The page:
USPCA rescues farmed puppies shipped from Northern Ireland
The Ulster Society for the Prevention of Cruelty to Animals (USPCA) has rescued a batch of farmed puppies.
The 27 pups were seized in the Scottish port of Cairnryan early this morning by the police and Scottish Society for the Prevention of Cruelty to Animals (SSPCA).
It is believed the puppies were farmed in the Republic of Ireland.
They were then transported to Northern Ireland in a small van which was driven onto a late-night ferry on Wednesday.
The dogs, mostly collies and spaniels, would have been sold in the UK for up to £15,000, according to the USPCA,
Colleen Tinley of the welfare organisation said the USPCA would work to put a stop to puppy farming.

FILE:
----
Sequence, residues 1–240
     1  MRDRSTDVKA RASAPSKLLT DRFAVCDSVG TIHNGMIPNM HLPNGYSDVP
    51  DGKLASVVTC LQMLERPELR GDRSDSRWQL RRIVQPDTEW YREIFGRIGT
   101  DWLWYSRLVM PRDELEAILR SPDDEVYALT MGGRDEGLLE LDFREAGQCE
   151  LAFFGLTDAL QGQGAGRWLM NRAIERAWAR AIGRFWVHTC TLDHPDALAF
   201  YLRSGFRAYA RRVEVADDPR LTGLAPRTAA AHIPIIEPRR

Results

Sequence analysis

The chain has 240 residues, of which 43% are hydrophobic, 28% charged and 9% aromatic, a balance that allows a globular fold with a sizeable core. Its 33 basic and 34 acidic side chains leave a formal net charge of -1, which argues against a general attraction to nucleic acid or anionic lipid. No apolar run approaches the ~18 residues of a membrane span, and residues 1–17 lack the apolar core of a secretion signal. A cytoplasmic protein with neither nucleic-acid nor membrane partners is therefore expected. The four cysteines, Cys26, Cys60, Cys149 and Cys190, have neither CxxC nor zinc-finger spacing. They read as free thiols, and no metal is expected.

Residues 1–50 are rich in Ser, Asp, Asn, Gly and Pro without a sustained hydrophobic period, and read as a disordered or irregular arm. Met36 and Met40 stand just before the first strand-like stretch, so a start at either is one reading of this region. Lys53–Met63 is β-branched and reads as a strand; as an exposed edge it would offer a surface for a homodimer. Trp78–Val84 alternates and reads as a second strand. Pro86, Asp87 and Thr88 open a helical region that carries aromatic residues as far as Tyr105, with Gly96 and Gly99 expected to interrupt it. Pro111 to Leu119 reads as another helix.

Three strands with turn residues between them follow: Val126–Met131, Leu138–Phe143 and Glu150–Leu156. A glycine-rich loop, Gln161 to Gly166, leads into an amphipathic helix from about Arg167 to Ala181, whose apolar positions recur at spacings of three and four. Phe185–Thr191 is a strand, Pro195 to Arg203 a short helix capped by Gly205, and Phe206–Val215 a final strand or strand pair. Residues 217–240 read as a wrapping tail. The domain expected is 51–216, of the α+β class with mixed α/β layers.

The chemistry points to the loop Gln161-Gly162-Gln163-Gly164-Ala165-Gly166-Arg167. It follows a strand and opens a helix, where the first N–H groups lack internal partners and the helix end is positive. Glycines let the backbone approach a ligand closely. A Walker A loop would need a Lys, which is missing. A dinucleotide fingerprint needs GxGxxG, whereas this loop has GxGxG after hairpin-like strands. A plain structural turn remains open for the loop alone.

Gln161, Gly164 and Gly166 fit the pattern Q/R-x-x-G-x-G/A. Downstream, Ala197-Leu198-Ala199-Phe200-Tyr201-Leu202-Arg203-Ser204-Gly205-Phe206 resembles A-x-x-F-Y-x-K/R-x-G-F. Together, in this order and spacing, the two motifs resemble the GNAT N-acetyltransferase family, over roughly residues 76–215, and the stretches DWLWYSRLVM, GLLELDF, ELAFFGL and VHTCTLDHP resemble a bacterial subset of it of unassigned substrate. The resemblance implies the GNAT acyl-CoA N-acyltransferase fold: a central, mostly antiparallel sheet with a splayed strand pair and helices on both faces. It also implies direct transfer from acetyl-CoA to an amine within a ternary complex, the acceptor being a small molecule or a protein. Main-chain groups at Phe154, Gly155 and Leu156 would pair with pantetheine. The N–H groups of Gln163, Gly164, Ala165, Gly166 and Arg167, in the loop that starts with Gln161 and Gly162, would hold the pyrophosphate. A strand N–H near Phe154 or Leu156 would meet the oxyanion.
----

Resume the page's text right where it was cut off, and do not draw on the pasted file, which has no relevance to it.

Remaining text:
"This is a criminal act. It's a horrific trade - the puppy farm trade - and we will work with the agencies to disrupt and stop this trade," she said.
They will now be returned to the Republic of Ireland as their country of origin and given into the care of the Irish Society for the Prevention of Cruelty to Animals (ISCPA).
The USPCA is the second oldest animal welfare charity in the world.
Founded in 1836, the USPCA was set up to challenge the abuse of working horses, a daily occurrence on the Victorian city streets.
In November 2017, the charity expanded a scheme it runs across Northern Ireland that finds temporary homes for pets from abusive households.